According to a recent filing, publishers have paid a total of $166,158,426 to settle state and consumer e-book price fixing charges, including an additional $3,909,000 to settle consumer claims in Minnesota. The figures come from a letter filed with Judge Denise Cote earlier this month by Texas attorney general Greg Abbott, and do not include legal fees and other court costs. Minnesota was not part of the original state suit and pursued its own litigation.
Notably, the letter includes the total damage awards calculated by the states and lists the amount publishers agreed to pay as a percentage of those damages. In that regard, the deals look pretty good for the initial three settling publishers (Hachette, HarperCollins, and Simon & Schuster). Hachette was calculated to be on the hook for a total of $62,280,000, but has paid $32,686,165, roughly 52% of what it was liable for. HarperCollins paid $20,168,710, about 65% of $31,140,000 it was assessed for. And Simon & Schuster was on the hook for $42,920,000, and paid $18,303,551 or 42% of assessed damages.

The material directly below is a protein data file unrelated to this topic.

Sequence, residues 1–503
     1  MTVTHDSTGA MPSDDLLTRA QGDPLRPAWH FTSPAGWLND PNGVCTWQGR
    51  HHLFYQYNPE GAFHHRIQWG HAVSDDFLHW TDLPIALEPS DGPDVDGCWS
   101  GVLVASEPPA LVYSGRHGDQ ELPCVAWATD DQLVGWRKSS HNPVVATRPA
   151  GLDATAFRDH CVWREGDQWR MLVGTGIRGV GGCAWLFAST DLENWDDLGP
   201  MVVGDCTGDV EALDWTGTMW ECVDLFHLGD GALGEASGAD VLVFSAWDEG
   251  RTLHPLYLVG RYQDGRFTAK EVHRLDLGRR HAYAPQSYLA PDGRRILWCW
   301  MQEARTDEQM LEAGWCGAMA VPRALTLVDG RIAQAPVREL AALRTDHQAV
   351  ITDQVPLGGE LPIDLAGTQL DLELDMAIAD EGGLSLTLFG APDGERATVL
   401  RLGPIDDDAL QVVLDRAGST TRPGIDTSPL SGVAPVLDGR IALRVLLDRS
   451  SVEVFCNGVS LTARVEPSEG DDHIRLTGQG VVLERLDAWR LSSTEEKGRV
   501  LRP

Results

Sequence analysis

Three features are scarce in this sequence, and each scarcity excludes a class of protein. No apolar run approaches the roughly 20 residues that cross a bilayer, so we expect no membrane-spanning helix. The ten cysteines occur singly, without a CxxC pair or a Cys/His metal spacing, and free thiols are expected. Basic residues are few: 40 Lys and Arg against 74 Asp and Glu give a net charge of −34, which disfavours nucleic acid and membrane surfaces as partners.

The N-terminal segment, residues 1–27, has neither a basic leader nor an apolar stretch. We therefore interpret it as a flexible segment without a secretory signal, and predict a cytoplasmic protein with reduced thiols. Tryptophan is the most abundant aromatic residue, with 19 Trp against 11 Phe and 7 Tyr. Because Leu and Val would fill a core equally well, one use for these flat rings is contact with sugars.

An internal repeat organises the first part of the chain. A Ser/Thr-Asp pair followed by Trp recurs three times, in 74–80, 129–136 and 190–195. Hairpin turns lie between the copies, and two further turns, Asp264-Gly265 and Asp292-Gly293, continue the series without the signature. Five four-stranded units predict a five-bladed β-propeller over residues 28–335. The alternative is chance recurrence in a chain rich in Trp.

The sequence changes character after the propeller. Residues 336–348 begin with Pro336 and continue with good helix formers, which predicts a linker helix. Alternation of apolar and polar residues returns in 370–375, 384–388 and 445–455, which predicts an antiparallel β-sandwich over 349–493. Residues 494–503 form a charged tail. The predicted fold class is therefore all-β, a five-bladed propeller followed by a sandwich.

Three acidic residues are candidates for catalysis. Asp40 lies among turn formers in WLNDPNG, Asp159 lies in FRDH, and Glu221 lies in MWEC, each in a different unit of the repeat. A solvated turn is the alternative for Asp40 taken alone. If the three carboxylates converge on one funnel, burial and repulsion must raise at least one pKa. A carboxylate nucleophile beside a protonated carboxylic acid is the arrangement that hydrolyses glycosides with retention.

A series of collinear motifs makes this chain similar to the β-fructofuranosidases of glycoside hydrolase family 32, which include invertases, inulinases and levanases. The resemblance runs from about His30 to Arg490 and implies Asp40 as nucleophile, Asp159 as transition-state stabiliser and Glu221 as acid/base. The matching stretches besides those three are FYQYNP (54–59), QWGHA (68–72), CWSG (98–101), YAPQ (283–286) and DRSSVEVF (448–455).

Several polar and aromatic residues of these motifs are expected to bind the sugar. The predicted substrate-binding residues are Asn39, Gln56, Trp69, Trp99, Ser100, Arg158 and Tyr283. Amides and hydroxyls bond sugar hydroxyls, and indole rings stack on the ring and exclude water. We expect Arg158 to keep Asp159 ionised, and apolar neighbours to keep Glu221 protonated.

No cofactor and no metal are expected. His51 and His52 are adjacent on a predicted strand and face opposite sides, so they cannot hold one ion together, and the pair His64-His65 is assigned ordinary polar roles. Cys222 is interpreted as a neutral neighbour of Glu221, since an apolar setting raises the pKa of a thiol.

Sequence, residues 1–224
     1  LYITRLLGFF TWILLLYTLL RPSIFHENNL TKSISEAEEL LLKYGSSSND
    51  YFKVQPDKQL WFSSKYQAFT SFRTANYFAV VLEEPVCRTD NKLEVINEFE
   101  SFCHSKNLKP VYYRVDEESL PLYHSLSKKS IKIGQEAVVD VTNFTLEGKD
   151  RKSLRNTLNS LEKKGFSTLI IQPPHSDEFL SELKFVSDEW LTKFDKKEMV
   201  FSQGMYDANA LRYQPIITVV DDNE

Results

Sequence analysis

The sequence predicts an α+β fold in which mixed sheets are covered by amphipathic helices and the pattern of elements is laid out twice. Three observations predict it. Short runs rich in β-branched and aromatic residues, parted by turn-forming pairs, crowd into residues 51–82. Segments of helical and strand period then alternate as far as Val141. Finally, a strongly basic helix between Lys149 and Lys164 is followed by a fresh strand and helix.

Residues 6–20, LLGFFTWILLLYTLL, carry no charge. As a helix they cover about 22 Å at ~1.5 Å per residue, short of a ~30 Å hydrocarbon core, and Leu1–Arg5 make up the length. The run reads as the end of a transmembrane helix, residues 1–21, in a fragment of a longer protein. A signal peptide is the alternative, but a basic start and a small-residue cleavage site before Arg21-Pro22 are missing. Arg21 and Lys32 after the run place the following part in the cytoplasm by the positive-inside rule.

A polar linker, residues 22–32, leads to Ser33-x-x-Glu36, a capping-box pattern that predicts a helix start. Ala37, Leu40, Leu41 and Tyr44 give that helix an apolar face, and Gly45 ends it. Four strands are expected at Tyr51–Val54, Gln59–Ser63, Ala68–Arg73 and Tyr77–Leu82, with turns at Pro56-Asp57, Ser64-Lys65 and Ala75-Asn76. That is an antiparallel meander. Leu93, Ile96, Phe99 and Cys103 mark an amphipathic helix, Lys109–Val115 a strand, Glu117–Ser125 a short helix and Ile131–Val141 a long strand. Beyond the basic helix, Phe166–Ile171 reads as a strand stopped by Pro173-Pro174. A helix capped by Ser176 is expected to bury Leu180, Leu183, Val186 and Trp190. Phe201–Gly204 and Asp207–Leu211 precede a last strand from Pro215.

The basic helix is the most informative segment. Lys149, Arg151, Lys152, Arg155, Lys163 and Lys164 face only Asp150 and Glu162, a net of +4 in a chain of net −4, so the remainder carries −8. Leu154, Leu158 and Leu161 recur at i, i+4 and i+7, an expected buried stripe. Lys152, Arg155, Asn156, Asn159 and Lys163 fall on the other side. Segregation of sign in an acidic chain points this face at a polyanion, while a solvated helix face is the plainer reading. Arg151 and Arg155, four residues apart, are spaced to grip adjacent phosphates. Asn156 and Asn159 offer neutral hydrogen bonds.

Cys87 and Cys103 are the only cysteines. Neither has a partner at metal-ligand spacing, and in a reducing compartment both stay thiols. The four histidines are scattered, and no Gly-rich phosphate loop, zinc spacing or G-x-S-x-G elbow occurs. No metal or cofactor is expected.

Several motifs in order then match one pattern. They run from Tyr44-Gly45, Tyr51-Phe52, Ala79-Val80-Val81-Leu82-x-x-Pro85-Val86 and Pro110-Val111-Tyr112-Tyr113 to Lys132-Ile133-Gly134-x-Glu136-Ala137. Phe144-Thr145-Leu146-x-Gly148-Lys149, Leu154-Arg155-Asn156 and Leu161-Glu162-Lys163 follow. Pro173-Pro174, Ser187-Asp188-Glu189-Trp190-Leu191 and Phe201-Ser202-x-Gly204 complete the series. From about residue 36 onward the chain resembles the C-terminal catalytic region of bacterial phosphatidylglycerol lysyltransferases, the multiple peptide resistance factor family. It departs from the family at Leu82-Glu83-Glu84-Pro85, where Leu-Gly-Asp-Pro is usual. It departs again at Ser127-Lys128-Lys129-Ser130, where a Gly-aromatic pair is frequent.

Penguin and Macmillan, meanwhile, appear to have paid a premium for being the last two publishers to settle claims. Penguin, which struck a deal just days before Apple's June trial, agreed to pay $75 million to settle calculated damages of $62,128,000, or 121% of its assessed liability. Macmillan, which settled in March, paid $20 million to settle damage claims of $18,515,000—or, 108% of their liability.
In all, the total damages assessed to the publishers came in at $218,883,000, with 76% of those funds ($166,158,426) collected. And that figure could jump considerably now that Apple has been found liable at trial. Pending a reversal on appeal, Apple will eventually have to pay to settle the state and consumer claims as well.